There is no question that Bankruptcy is usually the best choice for someone who is struggling to pay their debts. The question that does remain is whether or not that person qualifies to file a Bankruptcy (this depends mainly on one's income), and what - if anything - that person would have to give up if he or she files.
In Ohio a Bankruptcy filer is able to keep a home with equity of $20,200 (plus about 5%), and a car with equity of $3,225 (plus the cost to sell the car).
What is the equity in the business property?
Does the business have a market value? (Could it continue to run if it was sold - without you to run it?) If so, what is the market value of the business?
I own 51% and my father owns 49%. Since my lay-off, my son and a longtime salesman (10 years) are running it, along with one other employee. Could the business run without me overseeing what goes on long term.....No, probably not. My dad has pretty much retired at this point and is gone alot. I have no idea what market value the business has: we have some inventory, but not near as much as a few years ago, lots of used stuff that's not ready for sale, so it's worthless right now, our building, which needs a new roof and our parking lot is shot. We bought the bldg for $325,000 several years ago, and borrowed about $45,000 for a bldg repair that we had to make last year. The guy we're buying the bldg from loaned us that money and we'll pay it back along with the loan. We have several years left to pay on the bldg loan, like 7-10, I think.....
Like I said before, we're having trouble paying the taxes this year, as our sales are approx 1/2 of what they were two years ago.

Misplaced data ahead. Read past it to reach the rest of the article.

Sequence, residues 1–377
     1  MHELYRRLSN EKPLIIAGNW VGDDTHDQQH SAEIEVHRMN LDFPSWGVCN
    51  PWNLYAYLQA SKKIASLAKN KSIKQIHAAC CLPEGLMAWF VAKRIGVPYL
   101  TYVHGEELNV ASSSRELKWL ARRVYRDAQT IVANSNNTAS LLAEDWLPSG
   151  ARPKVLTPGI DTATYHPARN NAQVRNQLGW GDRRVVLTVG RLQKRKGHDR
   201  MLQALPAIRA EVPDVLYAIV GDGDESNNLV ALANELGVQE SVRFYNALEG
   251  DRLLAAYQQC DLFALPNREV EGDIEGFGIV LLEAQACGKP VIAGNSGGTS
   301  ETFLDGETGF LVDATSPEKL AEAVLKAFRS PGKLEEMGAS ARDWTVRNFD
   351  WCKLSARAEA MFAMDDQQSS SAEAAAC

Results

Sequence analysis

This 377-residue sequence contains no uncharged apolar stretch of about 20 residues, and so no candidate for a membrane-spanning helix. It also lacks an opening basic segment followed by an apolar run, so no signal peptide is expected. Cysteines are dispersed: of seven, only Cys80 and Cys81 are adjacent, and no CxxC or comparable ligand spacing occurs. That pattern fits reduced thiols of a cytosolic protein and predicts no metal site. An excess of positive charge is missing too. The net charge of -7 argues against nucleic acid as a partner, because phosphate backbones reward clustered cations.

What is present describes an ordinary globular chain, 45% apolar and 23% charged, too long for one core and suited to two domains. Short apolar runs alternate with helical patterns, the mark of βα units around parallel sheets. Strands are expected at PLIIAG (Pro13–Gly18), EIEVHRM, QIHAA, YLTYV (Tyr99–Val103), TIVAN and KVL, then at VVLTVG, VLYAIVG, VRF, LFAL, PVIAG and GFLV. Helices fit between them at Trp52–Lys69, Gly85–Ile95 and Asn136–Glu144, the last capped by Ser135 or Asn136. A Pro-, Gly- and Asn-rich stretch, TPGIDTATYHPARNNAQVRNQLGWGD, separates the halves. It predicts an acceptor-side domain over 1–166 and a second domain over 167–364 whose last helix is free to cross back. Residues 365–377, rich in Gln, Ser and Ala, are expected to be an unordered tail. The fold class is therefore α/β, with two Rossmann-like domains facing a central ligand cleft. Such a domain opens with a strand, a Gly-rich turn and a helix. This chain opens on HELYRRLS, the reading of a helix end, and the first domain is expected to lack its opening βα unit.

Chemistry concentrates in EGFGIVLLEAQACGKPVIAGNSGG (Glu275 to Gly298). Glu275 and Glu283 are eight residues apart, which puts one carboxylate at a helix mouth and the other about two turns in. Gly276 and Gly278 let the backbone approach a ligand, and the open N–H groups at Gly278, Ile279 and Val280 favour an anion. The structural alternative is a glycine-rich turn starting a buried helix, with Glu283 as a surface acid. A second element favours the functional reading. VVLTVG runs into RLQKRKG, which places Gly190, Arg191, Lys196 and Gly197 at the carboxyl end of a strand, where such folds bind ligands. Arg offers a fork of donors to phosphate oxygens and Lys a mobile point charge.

If you file a Bankruptcy, you would be able to keep your furniture, unless it is extraordinarily valuable.
If the business has no market value, you would also be able to keep that, and it would overall have no affect on the Bankruptcy. Additionally, since there is no equity in the building the business owns, that will also be unaffected.
If you are receiving unemployment, you would be eligible to file.
With a Bankruptcy filing, all assets of the debtor are taken into account, including the value of the debtor's share of a business. If your share of the business - including any value in the building the business owns, has a market value - if your share can be sold - that portion of the business (your share that can be sold) becomes part of the Bankruptcy estate, and the Bankruptcy trustee can sell your share if he thinks it worthwhile to do so. If your share cannot be sold - especially if you are needed to run the business - or can only be sold for a small amount, the Bankruptcy trustee will not be interested in your business.I can only provide legal information, not legal advice, so I cannot suggest to you what you should do, but if it were me, I would go ahead and file.
Call the Kentucky Bar Association for a recommendation for a Bankruptcy attorney, and don't be afraid to "shop around", because there is a large variation in what Bankruptcy attorneys charge, (I have seen them charge $800 - $3000 for the same service), and a higher price does not mean a better attorney. The number for the Bar is (502)(NNN) NNN-NNNNMost Bankruptcy attorneys will give a free or low-cost initial consultation. Go to a few to get a better idea of what is involved.
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